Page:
Kun-borrk (also spelt kunborrk and gunborg) originated east of the Adelaide, southeast towards Katherine and across to just east of the Mann River and southeast almost to Rose River, then along the coastline beyond Borroloola.
Kun-borrk songs always include actual word, in contrast to other song styles of the region which my consist of sounds, and there are often brief breaks in the songs. The songs nearly always start with the didjeridu, soon followed by sticks (percussion) and vocals in that order. Kun-borrk songs from Kunbarllanjnja (Gunbalanya) almost always follow the order of didjeridu, voice then sticks. Kun-borrk songs terminate most commonly with the didjeridu first, often in conjunction with vocals. Sometimes the vocals finish first, sometimes the clap sticks, but the didjeridu never starts last or finishes last.
Wajarra are non-sacred songs originating in the Gurindji region of the Northern Territory and performed for fun and entertainment. During the twentieth century they spread great distances across northern and western Australia, including along the stock routes of the pastoral industry, as Aboriginal workers and their families travelled between stations. Wave Hill Station was the site of much of this exchange.
Wangga originated near the South Alligator River. An extremely high note starts the song, accompanied by rhythmic percussion, followed by a sudden shift to a low tone. Wangga is typically performed by one or two singers with clapsticks and one didgeridoo player. The occasion is usually a circumcision ceremony or a ceremony to purify a dead person's belongings with smoke.
A number of Indigenous Australians have achieved mainstream prominence, such as Jimmy Little (pop), Yothu Yindi (Australian aboriginal rock), Troy Cassar-Daley (country), NoKTuRNL (rap metal) and the Warumpi Band (alternative or world music). Indigenous music has also gained broad exposure through the world music movement and in particular the WOMADelaide festivals. Geoffrey Gurrumul Yunupingu, formerly of Yothu Yindi, attained international success singing contemporary music in English and in one of the languages of the Yolngu people.
Contemporary Indigenous music continues the earlier traditions and also represents a fusion with contemporary mainstream styles of music, such as rock and country music. The Deadlys provide an illustration of this with rock, country, pop among the styles played. Traditional instruments such as the didjeridu and clapsticks are commonly used, giving the music a distinctive feel.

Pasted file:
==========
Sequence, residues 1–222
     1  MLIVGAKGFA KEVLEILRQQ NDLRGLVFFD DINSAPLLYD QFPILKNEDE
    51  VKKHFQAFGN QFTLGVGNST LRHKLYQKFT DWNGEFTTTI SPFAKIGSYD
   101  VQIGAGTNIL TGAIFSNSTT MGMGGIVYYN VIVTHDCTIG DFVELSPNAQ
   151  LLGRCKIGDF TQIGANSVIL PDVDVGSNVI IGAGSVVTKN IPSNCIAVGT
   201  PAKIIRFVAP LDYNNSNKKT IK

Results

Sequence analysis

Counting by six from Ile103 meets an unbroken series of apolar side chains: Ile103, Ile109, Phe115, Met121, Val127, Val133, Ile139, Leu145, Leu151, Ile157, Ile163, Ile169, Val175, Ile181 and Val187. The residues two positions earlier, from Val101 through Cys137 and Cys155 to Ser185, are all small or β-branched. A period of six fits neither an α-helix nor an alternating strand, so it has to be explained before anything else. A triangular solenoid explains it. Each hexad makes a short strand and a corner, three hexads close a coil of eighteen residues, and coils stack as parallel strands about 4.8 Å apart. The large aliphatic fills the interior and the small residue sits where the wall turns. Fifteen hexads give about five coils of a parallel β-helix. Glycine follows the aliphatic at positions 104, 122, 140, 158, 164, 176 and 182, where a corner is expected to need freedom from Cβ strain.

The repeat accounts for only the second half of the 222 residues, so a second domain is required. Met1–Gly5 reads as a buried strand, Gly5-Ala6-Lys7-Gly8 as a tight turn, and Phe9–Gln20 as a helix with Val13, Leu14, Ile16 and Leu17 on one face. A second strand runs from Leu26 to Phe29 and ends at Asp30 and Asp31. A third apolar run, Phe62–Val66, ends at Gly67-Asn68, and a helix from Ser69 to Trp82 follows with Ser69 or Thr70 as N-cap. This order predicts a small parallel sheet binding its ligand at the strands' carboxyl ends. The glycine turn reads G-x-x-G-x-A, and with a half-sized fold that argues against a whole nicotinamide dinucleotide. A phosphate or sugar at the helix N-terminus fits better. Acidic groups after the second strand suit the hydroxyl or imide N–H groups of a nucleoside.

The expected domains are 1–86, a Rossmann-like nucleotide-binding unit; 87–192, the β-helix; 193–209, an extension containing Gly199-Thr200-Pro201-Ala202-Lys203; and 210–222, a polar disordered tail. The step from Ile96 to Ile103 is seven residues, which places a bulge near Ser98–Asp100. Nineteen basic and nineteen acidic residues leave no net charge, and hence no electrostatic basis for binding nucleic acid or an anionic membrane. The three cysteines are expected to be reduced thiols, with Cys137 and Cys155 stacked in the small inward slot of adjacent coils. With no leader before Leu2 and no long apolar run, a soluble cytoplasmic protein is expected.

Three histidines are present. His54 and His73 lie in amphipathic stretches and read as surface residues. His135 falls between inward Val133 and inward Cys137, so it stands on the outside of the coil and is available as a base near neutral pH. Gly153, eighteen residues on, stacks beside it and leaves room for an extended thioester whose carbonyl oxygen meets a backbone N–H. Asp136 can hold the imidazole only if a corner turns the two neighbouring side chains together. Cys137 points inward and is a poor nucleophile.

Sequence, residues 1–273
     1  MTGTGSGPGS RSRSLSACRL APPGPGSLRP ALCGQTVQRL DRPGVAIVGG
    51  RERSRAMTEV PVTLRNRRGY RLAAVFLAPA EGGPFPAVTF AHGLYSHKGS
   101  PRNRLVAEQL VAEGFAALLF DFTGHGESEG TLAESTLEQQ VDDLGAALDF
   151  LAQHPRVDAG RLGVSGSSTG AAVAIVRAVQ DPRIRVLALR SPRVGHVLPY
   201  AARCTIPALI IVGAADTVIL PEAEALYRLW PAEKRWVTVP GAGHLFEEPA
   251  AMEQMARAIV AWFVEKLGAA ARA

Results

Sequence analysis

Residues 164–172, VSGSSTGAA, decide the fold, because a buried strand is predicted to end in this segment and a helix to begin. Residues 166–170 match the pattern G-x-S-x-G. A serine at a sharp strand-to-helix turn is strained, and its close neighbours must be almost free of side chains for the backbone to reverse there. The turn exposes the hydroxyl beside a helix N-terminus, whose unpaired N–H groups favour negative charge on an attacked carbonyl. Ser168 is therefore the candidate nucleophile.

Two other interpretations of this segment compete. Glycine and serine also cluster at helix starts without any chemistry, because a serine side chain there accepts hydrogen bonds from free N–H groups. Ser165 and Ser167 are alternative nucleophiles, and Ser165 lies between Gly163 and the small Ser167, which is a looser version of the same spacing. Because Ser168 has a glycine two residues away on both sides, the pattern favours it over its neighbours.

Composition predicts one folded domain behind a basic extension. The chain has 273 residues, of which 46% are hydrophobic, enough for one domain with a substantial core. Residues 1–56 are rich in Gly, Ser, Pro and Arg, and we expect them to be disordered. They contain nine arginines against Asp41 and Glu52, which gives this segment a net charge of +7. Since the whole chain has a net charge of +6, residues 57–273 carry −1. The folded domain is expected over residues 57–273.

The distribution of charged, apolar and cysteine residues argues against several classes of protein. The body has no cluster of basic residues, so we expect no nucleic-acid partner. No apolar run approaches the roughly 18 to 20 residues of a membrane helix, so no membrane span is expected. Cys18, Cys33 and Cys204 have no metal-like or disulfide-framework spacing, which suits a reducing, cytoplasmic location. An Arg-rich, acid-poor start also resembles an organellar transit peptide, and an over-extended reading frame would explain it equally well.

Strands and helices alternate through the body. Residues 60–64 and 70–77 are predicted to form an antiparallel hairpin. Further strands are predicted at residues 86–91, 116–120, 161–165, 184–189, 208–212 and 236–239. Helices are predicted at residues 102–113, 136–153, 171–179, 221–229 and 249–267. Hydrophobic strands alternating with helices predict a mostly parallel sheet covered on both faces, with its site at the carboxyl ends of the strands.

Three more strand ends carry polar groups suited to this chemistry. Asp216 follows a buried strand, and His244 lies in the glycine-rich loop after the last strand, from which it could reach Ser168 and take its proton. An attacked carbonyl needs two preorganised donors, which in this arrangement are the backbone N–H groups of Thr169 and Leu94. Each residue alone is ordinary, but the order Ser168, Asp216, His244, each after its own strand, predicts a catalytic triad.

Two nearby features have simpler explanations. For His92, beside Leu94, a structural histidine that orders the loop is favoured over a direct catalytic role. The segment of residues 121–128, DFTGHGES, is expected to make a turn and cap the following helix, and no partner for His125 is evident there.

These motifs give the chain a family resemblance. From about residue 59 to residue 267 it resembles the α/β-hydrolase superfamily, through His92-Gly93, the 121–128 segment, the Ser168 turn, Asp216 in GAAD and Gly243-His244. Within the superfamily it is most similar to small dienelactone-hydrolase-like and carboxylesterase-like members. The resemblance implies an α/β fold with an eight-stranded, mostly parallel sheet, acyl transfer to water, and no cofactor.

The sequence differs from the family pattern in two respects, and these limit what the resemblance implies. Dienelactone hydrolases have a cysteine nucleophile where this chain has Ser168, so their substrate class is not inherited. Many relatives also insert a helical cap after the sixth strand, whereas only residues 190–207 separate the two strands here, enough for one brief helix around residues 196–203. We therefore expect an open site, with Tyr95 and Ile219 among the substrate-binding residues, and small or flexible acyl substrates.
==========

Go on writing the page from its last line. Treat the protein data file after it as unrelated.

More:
Country music has remained particularly popular among the Australian Aboriginal and Torres Strait Islander peoples for decades, as documented in Clinton Walker's seminal Buried Country. Dougie Young and Jimmy Little were pioneers and Troy Cassar-Daley is among Australia's successful contemporary Indigenous performers of country music. Aboriginal artists Kev Carmody and Archie Roach employ a combination of folk-rock and country music to sing about Aboriginal rights issues, using the song type called barnt[further explanation needed]. The documentary, book and soundtrack Buried Country showcases significant Indigenous musicians from the 1940s to the 1990s.
The genre-defying Mojo Juju has been nominated for or won several awards since 2018, and her music has been featured in a number of television shows including Underbelly: Razor, Underbelly: Squizzy and Roadtrip Nation.
DOBBY is an Aboriginal/Filipino musician, mostly rapper and drummer, who has played with the Sydney band Jackie Brown Jr. As a member of the Murrawarri Republic, he sings in Murrawarri language as well as English, and is a political activist for Aboriginal issues.
In 1997 the State and Federal Governments set up the Aboriginal Centre for the Performing Arts (ACPA) as an elite National Institute to preserve and nurture Aboriginal and Torres Strait Islander music and talent across all styles and genres, from traditional to contemporary.